'Coming Clean' About Growing Up In A Hoarding Household | WAMU 88.5 - American University Radio

NPR : Tell Me More

'Coming Clean' About Growing Up In A Hoarding Household

Play associated audio

Kimberly Rae Miller grew up among piles of junk. Doors wouldn't close, stacks of paper turned to sludge, and the pool was filled with brown muck. Her father was an extreme hoarder, a condition that threatened her safety and even her life.

In her new memoir, Coming Clean, Miller writes candidly about the chaos in her home: "Between my father's love of paper (and just about everything else he could get his hands on) and my mother's depression-fueled shopping, our house had started to resemble the remnants at the bottom of a garbage can. Soggy junk filled our living space. When I was 14, the boiler broke in the middle of winter, but we could never allow a repairman into our mess, and so we lived without heat, without showers."

In an interview with Tell Me More host Michel Martin, Miller discusses her book, and how she coped.

Interview Highlights

On a stranger living amid the mess

"When I was 18, my parents abandoned their home and moved to an apartment. And they sold it 'as is.' So the company that bought it, bought it at a very, very discounted price for what the property was worth under the guise that they needed to do the cleaning themselves. And they reported back to my mom that in the attic they had found someone's clothing, hundreds of beer cans, a cot — somebody had been living in our attic."

On why people hoard

"From the research that I've done, many hoarders start hoarding as a form of connecting to other people. And so when they see something that reminds them of someone they love, they hold on to it. If it reminds them of a way they felt good, or a positive memory in their life, they hold on to it. A lot of hoarders are incredibly intelligent people, and they're able to see things in ordinary objects that we wouldn't necessarily see. And so, getting rid of those items is incredibly hard for them."

On the worst part of living in a hoarding household

"I think in the end, all of it culminated in this innate feeling of shame because where I came from was something to be ashamed of, and it's nothing I could share with anyone. And that definitely affected me throughout my life, of feeling I am not worthy of being noticed, and that it was important for me to hide."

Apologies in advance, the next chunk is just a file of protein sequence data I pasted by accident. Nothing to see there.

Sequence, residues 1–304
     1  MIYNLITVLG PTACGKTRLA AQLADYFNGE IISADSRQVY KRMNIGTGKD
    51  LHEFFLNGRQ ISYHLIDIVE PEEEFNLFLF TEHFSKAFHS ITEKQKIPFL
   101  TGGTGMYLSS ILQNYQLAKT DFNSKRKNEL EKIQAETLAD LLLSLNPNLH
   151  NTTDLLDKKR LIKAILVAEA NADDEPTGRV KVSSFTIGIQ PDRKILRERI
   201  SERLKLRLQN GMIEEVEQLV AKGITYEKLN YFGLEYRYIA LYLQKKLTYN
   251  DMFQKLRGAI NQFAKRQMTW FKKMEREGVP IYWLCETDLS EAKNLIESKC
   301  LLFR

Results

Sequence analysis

On watching herself for signs of hoarding

"It's a constant fear in my life. ... My mom always jokes that I'm going to end up throwing my children away 'cause I can't stand having junk around. ... It's absolutely a fear, and a lot of times hoarding is triggered in people who don't show those signs by a trauma, and the hoarding turns on, so to speak. And I'm always afraid that I'm like one trauma away from becoming a hoarder."

Copyright 2013 NPR. To see more, visit http://www.npr.org/.

NPR

Cartoonist Alison Bechdel Awarded MacArthur Fellowship

She is one of the first cartoonists to be recognized. Besides her graphic novels and memoirs, Bechdel developed a simple three-question test for how women are represented in films.
NPR

Sweet: Dunkin' Donuts and Krispy Kreme Pump Up Pledge On Palm Oil

Two major doughnut chains have bowed to consumer pressure to better police their palm oil purchases. Environmentalists say it's a win for consumers, trees and animals.
NPR

Congress Quietly Extends The Budget — Past Election Day, Anyway

Since the GOP retook the House, the chamber once brought the country to the brink of a debt default and once shut down the government. But in election years, including this one, there's no such drama.
NPR

Look, Mom, I Finally Made It To Broadway!

NPR's Michel Martin will sit down with a panel of award-winning playwrights to ask about diversity in theater. Follow here or join us on Twitter on Friday at 7 p.m. ET, using #NPRMichel.

Leave a Comment

Help keep the conversation civil. Please refer to our Terms of Use and Code of Conduct before posting your comments.